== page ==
Sampras falls to journeyman in first round

Tuesday, May 28, 2002

PARIS -- Muttering, slouching, slamming his racket to the ground and smacking a ball into the stands, Pete Sampras was in typical French Open form Monday.

Which is to say: He was out of sorts for just about the entire match and, yet again, quickly out of the only Grand Slam tournament he's never won.

When the last of his 93 unforced errors fell, Sampras had lost 3-6, 6-4, 6-2, 7-6 (3) to Italian journeyman Andrea Gaudenzi and was eliminated at Roland Garros in his opening match for the second time in three years.

On a day when three rain interruptions blocked play across the tournament for a total of 3 1/2 hours and a constant breeze made balls dance oddly, some other top players had lapses, too. But top-seeded Lleyton Hewitt and three-time champion Gustavo Kuerten still managed to win in straight sets, as did Venus Williams.

Unlike on grass or hard courts, where his stinging serves and volleys have been so superior for so many years and allow him to pull out victories even when he's not as his sharpest, Sampras can't conjure that extra oomph on the slower clay.

And now, at age 30, he's burdened with a 28-tournament title drought that dates to July 2000, when he won Wimbledon for a record 13th Grand Slam championship.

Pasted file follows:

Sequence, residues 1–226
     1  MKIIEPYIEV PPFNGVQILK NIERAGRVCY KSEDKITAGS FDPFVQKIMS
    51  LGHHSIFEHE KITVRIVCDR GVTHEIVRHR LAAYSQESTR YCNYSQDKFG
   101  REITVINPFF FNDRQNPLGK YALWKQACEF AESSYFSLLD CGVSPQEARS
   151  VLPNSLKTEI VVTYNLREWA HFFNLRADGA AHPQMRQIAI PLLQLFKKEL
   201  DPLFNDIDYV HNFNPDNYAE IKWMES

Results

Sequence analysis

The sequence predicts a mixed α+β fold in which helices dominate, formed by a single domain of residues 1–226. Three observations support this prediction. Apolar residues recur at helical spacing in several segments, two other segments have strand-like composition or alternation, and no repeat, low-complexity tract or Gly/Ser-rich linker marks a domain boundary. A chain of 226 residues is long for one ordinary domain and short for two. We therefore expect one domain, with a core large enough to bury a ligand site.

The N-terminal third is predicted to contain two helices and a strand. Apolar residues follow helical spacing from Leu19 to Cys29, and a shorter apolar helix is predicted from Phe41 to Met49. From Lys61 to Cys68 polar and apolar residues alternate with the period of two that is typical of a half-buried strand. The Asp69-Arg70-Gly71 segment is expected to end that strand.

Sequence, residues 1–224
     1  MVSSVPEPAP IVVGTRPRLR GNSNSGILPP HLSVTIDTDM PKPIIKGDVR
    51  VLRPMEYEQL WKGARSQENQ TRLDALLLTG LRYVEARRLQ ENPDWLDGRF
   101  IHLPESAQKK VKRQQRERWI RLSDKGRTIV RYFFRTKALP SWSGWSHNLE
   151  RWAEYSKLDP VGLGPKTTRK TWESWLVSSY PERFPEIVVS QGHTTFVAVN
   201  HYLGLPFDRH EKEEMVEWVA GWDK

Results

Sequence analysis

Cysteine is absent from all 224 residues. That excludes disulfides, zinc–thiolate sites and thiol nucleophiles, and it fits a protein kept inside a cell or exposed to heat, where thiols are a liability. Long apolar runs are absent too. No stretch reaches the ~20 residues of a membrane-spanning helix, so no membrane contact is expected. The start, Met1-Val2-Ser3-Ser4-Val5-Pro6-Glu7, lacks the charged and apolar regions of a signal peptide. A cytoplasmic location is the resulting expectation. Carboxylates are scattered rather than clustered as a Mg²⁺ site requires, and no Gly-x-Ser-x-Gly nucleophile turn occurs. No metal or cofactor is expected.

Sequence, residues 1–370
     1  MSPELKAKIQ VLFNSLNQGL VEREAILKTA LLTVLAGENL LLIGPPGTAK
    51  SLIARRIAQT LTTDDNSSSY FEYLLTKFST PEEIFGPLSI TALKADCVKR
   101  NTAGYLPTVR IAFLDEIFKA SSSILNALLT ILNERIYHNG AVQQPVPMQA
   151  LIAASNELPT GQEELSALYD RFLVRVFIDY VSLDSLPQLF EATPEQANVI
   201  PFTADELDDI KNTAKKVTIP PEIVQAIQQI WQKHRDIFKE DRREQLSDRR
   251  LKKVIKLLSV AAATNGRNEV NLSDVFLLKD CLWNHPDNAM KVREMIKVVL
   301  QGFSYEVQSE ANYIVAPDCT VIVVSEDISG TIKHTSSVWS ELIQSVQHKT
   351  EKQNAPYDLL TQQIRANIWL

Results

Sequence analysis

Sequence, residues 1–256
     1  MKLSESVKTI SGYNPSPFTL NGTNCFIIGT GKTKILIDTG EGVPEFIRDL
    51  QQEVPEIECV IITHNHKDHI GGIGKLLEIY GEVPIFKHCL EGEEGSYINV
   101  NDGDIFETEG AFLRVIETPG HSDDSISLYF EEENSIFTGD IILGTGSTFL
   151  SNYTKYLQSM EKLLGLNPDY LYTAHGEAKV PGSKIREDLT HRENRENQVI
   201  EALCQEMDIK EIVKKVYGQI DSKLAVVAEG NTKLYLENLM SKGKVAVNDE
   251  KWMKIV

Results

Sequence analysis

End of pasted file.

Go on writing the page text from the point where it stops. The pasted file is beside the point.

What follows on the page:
"As you get a little bit older, as Slams go by, it's pretty difficult to get over it," said Sampras, his words deflated. "It's not like I'm 20 and I have the next 10 years to have an opportunity. Each time one goes by, it's one that you have to wait a year to come back and try to do it."

He had his spots against the 28-year-old Gaudenzi, who only once has been as far as the fourth round of a major -- back in 1994 -- and is ranked 69th.

But Sampras frittered away 14 break points, put in a pedestrian 57 percent of his first serves, and managed 18 winners all day. Gaudenzi, meanwhile, whistled 19 passing shots by Sampras.

Most tellingly, when Sampras served for the fourth set at 5-4, he lost the game by misfiring one of his trademark overhead smashes and sending Gaudenzi's weak backhand stab lob into the bottom of the net. The ball bounced back to Sampras and he kicked it over the net.

There were other signs of just how frustrating -- a word he used about a dozen times in 10 minutes to describe his mood -- a day it was for someone who leads active players in titles (63), match wins (749) and weeks at No. 1 (a record 286).

The chair umpire warned Sampras for ball abuse when he hit one 20 feet up after sending a forehand wide at 3-3 in the fourth set. At another juncture, Sampras threw his racket to the ground with a thud; later, he tossed it in the air like a baton twirler, except he didn't try to catch it.

After many miscues, he would shuffle back to the baseline, talking to himself or hitting his leg with the racket or drooping his head and shoulders.

Hewitt, Kuerten and Williams all came here with nagging injury worries and none sparkled Monday. Hewitt beat Andre Sa of Brazil 7-5, 6-4, 7-5, Kuerten got past Ivo Heuberger of Switzerland 7-5, 6-2, 6-2, and Williams -- seeded No. 2 among women -- eliminated Bianka Lamade of Germany 6-3, 6-3.

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